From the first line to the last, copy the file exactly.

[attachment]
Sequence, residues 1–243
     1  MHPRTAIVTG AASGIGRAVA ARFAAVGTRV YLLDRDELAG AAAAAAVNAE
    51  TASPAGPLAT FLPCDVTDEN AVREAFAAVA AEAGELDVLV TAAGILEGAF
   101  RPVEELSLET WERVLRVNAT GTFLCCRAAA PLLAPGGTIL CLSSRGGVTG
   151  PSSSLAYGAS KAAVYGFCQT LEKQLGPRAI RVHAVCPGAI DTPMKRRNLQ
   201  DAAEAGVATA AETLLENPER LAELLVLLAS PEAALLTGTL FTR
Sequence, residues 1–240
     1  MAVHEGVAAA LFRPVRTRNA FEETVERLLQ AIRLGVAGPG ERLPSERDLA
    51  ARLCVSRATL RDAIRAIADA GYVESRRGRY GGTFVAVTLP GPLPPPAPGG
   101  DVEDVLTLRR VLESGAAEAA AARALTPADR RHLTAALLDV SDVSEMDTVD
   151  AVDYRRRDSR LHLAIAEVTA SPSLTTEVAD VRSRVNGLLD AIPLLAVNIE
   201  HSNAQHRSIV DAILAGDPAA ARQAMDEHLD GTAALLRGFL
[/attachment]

Sequence, residues 1–243
     1  MHPRTAIVTG AASGIGRAVA ARFAAVGTRV YLLDRDELAG AAAAAAVNAE
    51  TASPAGPLAT FLPCDVTDEN AVREAFAAVA AEAGELDVLV TAAGILEGAF
   101  RPVEELSLET WERVLRVNAT GTFLCCRAAA PLLAPGGTIL CLSSRGGVTG
   151  PSSSLAYGAS KAAVYGFCQT LEKQLGPRAI RVHAVCPGAI DTPMKRRNLQ
   201  DAAEAGVATA AETLLENPER LAELLVLLAS PEAALLTGTL FTR
Sequence, residues 1–240
     1  MAVHEGVAAA LFRPVRTRNA FEETVERLLQ AIRLGVAGPG ERLPSERDLA
    51  ARLCVSRATL RDAIRAIADA GYVESRRGRY GGTFVAVTLP GPLPPPAPGG
   101  DVEDVLTLRR VLESGAAEAA AARALTPADR RHLTAALLDV SDVSEMDTVD
   151  AVDYRRRDSR LHLAIAEVTA SPSLTTEVAD VRSRVNGLLD AIPLLAVNIE
   201  HSNAQHRSIV DAILAGDPAA ARQAMDEHLD GTAALLRGFL